September 26, 2019
Series: Brilliant Activities for Birth Educators - Keys to Confidence
By: Mallory Emerson, LCCE | 0 Comments
Today's Brilliant Activities for Birth Educators post comes from regular contributor Mallory Emerson who offers up a simple but elegant way to remind families of the strengths and qualities they already possess that will be invaluable during labor, birth and early parenting. Best of all, the families get to take this "little souvenir" with them and bring it with them to their labor! Thanks, Mallory for your contribution. To find all the Brilliant Activities for Birth Educators posts, click here. - Sharon Muza, Community Manager, Connecting the Dots.
Regardless of how a family ends up in my childbirth class, no matter who they are, one thing I want them to walk away with is a solid grasp on what their own strengths are that will help them as they navigate labor, birth, and parenting.
This activity aims to give families in your classes a concrete memento that they can keep with them to remind them of those strengths and give them confidence as they navigate their journey.
For this activity, the basics you’ll want to have are paper key tags like the ones pictured ) and a keyring. You’ll want one key ring and 3-5 key tags per family. I am using heart-shaped key rings to symbolize our great friend oxytocin, “the love” hormone, but any basic keyring will work. You’ll also want to make sure your families have pens or markers.
When to conduct this activity
You could do this any time in a childbirth class. Towards the beginning of class, it gets them thinking about the tools they already have in their toolboxes -- what they bring to the table outside of anything you can teach them in class. Later in the class, it can be used as a more reflective activity -- now that they know what their preferences are and what they might expect, what strengths will help them get through it? You could also use this in breast/chestfeeding or newborn care class to specifically focus on the strengths that will make them great parents.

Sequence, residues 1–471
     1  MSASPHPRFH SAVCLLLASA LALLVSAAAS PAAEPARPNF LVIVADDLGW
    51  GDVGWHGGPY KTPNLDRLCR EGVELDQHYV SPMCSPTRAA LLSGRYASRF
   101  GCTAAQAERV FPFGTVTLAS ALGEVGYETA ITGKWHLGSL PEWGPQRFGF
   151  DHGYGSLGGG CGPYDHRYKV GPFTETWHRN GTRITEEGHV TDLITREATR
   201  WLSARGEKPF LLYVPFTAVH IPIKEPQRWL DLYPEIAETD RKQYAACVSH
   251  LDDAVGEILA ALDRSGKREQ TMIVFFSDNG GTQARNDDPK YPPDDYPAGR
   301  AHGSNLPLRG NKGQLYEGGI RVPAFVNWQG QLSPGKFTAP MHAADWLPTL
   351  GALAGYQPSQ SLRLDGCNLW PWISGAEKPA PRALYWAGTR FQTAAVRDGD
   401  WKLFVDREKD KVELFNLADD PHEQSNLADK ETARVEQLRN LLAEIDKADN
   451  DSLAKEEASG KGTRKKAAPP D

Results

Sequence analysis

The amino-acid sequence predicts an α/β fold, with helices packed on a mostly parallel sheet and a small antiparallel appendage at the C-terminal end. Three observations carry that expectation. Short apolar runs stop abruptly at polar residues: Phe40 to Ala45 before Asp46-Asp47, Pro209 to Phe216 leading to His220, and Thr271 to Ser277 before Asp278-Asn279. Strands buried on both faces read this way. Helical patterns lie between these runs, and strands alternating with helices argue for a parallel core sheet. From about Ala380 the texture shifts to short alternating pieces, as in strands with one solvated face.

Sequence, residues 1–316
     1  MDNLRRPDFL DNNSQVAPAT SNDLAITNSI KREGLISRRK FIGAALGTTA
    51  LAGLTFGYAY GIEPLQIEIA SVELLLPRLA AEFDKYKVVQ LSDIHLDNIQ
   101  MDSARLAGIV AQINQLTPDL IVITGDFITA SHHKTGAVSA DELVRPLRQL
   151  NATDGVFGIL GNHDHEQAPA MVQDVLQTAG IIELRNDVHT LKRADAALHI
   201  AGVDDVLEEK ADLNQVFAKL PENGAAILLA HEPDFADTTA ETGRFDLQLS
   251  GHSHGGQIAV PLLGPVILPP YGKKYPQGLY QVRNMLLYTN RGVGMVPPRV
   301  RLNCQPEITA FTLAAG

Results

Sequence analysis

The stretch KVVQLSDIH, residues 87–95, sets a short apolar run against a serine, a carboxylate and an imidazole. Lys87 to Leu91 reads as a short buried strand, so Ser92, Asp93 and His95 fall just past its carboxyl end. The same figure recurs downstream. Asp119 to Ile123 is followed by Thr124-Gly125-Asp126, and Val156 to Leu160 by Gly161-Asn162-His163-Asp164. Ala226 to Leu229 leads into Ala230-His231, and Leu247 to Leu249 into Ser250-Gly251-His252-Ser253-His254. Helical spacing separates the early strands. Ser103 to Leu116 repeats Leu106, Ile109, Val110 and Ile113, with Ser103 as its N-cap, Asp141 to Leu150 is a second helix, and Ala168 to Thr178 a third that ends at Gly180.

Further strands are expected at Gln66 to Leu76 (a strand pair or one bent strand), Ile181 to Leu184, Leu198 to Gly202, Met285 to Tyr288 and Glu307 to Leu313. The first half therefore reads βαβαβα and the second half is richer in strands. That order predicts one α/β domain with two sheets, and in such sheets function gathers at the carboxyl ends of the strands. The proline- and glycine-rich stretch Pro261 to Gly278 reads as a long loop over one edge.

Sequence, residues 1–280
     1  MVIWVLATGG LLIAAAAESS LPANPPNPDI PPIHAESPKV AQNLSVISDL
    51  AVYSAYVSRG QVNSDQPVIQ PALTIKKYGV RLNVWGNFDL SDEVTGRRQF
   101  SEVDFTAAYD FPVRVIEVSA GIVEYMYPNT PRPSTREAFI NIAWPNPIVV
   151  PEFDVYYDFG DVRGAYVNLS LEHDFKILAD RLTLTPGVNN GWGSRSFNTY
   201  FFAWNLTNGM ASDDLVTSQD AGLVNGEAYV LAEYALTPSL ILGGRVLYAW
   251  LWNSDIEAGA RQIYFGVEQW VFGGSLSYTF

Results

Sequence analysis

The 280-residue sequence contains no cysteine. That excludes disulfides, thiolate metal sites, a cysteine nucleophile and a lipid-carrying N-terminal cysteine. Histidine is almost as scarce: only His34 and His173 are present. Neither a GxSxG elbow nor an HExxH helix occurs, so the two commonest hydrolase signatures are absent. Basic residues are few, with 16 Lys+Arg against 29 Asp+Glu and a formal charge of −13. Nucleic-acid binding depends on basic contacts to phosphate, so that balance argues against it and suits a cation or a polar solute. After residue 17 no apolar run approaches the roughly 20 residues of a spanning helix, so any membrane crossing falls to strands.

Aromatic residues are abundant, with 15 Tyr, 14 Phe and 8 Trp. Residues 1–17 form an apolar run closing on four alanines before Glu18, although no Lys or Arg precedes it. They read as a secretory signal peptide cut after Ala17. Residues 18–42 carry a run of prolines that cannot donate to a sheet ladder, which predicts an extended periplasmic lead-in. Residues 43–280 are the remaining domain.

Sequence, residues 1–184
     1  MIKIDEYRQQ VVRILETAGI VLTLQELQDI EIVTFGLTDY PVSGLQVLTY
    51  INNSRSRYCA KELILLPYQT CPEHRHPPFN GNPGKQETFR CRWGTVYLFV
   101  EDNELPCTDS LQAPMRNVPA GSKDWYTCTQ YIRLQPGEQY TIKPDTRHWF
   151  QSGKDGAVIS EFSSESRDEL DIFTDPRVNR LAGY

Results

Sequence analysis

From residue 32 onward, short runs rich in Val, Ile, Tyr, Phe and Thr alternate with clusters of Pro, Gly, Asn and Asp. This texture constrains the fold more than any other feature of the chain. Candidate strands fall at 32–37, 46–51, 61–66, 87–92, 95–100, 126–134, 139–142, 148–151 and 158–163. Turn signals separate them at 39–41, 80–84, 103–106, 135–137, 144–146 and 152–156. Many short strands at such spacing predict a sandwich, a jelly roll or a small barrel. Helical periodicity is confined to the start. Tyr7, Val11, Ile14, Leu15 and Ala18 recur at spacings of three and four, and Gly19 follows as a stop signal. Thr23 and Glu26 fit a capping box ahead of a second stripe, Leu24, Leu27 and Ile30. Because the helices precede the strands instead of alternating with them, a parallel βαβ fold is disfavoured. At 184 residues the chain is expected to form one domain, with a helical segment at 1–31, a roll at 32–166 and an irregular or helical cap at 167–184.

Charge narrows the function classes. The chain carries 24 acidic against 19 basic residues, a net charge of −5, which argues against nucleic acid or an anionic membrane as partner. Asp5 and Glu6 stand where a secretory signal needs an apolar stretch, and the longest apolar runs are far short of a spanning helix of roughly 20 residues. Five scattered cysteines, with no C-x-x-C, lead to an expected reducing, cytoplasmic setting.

How to conduct this activity
In my classes, after we discuss how labor starts, the signs of labor, and what early labor might be like at home, I have families brainstorm an “early labor toolbox” for themselves. On a sheet of paper, they brainstorm ways they relax, stay distracted, get rest, cope with discomfort or stress, and feel safe. I prompt them to add traits or ways of being that help them handle difficult situations. Laughter, flexibility, strength, etc. I usually have them do this as they come back from a break. Once they have gotten some ideas down, I have them look back at their brainstorming and circle things that they feel they use/do frequently or qualities that they feel will be especially helpful during labor and birth (or lactation or postpartum, etc). We discuss how the strengths you have before becoming a parent remain with you through your journey and I ask them to write down the things they want to carry with them into the birth room with them onto their key tags and add them to their key ring together. They can hook this right onto their birth bag and keep it with them each step of the way. When we get to the end of the class (or series) and we are discussing the postpartum period and newborn care, I ask them to reflect back on those keychains and how they may come in handy in their new roles.
Another way you can incorporate this activity is to intersperse it throughout class, asking them to add things to each tag at different points. What is one word to describe your connection to your baby that you want to remember when labor is just getting started? What is a two-to-three word mantra you want to remember to bring to mind during active labor? What kind of atmosphere or energy would you like in the birth room after baby is born? What kind of parents do you hope to be in the first few weeks? How will you remind yourself to give yourself grace during this transformational event?
You can take this in so many directions! Your families can always refer to books, handouts, websites, videos, etc. to get the information and facts that they learn in class. They can create a birth plan to remind them of the preferences they have for what happens during the birth and immediate postpartum adjustment. This activity gives you a way to help remind them throughout their journey of the less tangible elements we want them to take away from their childbirth class. It is an opportunity for them to focus on the strengths and the power they possess as new parents.
About Mallory Emerson
Mallory Emerson is a childbirth educator and doula in the Seattle area. She currently teaches Great Starts classes with Parent Trust for Washington Children and is passionate about providing evidence-based information to new families so that they can confidently navigate the decisions of pregnancy, birth, and parenthood. Mallory first trained with the Simkin Center for Allied Birth Vocations at Bastyr University in 2014. She is a Great Starts certified educator and also completed the Passion for Birth training before becoming a Lamaze Certified Childbirth Educator in 2017. Mallory is a DONA-trained Birth Doula serving the greater Seattle area and is currently working towards DONA certification. You can learn more about Mallory on her website, MalloryEmerson.com.
Note: Props to friends in the Hudson Valley who used a similar activity during a recent convention I attended with my partner. I’m always on the lookout for ways to make classes interactive and love bringing new ideas into my teaching from outside the childbirth sphere!
TagsChildbirth education Oxytocin Brilliant Activities For Birth Educators Series: Brilliant Activities For Birth Educators Mallory Emerson